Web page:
A history of Greece, from the earliest times to the Roman conquest: With supplementary chapters on the history of literature and art

Harper & Brothers, 1861 - 704 pāgines

Quč opinen els usuaris - Escriviu una ressenya

No hem trobat cap ressenya als llocs habituals.

Altres edicions - Mostra-ho tot

Frases i termes més freqüents

Passatges populars

Pāgina 211 - Persians' grave, I could not deem myself a slave. A king sate on the rocky brow Which looks o'er sea-born Salamis; And ships by thousands lay below, And men in nations; — all were his! He counted them at break of day, And when the sun set, where were they?
Pāgina 385 - The schools of ancient sages ; his, who bred Great Alexander to subdue the world, Lyceum there, and painted Stoa next...
Pāgina 50 - The following oath was taken by the members of the league : " We will not destroy any Amphictyonic town, nor cut it off from running water, in war or in peace ; if any one shall do so, we will march against him and destroy his city.
Pāgina 98 - See p. 91 was exercised with more moderation and justice than formerly. The establishment of the Athenian democracy was the work of Clisthenes, and not of Solon. $ 15. The laws of Solon were inscribed on wooden rollers and triangular tablets,* and were preserved first in the Acropolis, and afterwards in the Prytaneum, or Town-hall. They were very numerous, and contained regulations on almost all subjects connected with the public and private life of the citizens. But they do not seem to have been...
Pāgina 235 - Pindar is marked by daring flights and abrupt transitions, and became proverbial for its sublimity. He compared himself to an eagle, — a simile which has been beautifully expressed in the lines of Gray : — " The pride and ample pinion That the Theban eagle bare, Sailing with supreme dominion Through the azure deep of air.
Pāgina 412 - With a nice survey discerning, which are green and which are turning, Which are ripe for accusation, forfeiture, and confiscation. Him besides, the wealthy man, retired upon an easy rent, Hating and avoiding party, noble-minded, indolent, Fearful of official snares, intrigues and intricate affairs; Him you mark; you fix and hook him, whilst he's gaping unawares; At a fling, at once you bring him hither from the Chersonese, Down you cast him, roast and baste him, and devour him at your ease.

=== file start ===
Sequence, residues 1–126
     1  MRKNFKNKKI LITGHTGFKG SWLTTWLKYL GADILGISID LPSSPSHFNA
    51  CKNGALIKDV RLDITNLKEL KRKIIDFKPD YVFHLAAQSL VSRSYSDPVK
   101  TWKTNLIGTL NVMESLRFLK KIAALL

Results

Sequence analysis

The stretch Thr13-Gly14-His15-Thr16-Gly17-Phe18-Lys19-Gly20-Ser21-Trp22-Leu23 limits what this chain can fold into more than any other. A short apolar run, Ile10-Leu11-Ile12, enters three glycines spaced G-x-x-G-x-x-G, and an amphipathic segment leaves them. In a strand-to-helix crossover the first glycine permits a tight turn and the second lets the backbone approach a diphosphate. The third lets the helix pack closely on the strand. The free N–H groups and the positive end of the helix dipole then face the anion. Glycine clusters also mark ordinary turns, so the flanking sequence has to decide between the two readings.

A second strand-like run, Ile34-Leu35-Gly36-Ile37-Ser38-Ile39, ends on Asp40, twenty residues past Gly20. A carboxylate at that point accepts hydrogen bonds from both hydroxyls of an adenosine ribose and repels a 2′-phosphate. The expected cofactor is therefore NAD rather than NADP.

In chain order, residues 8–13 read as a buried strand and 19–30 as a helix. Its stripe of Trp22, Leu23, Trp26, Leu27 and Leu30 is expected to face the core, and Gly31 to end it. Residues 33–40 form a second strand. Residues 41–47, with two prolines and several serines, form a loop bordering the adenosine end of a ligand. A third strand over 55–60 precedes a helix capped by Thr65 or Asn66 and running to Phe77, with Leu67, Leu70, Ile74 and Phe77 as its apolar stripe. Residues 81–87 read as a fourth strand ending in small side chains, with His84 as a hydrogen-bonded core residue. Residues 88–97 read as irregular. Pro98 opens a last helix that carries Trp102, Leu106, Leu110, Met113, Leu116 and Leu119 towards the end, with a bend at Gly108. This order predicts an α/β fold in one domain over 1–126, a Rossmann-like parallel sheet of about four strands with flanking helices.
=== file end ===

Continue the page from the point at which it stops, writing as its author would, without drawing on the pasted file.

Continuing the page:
Pāgina 330 - ... months surrendered. On the proposal, as it appears, of Alcibiades, all the adult males were put to death, the women and children sold into slavery, and the island colonized afresh by 500 Athenians.
Pāgina 411 - Close around him, and confound him, the confounder of us all, Pelt him, pummel him, and maul him ; rummage, ransack, overhaul him ; Overbear him and outbawl him ; bear him down, and bring him under. Bellow like a burst of thunder, Robber ! harpy ! sink of plunder ! Rogue and villain ! rogue and cheat ! rogue and villain, I repeat ! Oftener than I can repeat it, has the rogue and villain cheated.
Pāgina 199 - Of those who at Thermopylae were slain, Glorious the doom, and beautiful the lot ; Their tomb an altar : men from tears refrain To honour them, and praise, but mourn them not. Such sepulchre nor drear decay, Nor all-destroying time shall waste ; this right have they. Within their grave the home-bred glory Of Greece was laid ; this witness gives Leonidas the Spartan, in whose story A wreath of famous virtue ever lives."-)
Pāgina 107 - I'll wreathe my sword in myrtle bough, The sword that laid the tyrant low, When patriots, burning to be free, To Athens gave equality. " Harmodius, hail ! though 'reft of breath, Thou ne'er shalt feel the stroke of death; The heroes' happy isles shall be The bright abode allotted thee.

Informaciķ bibliogrāfica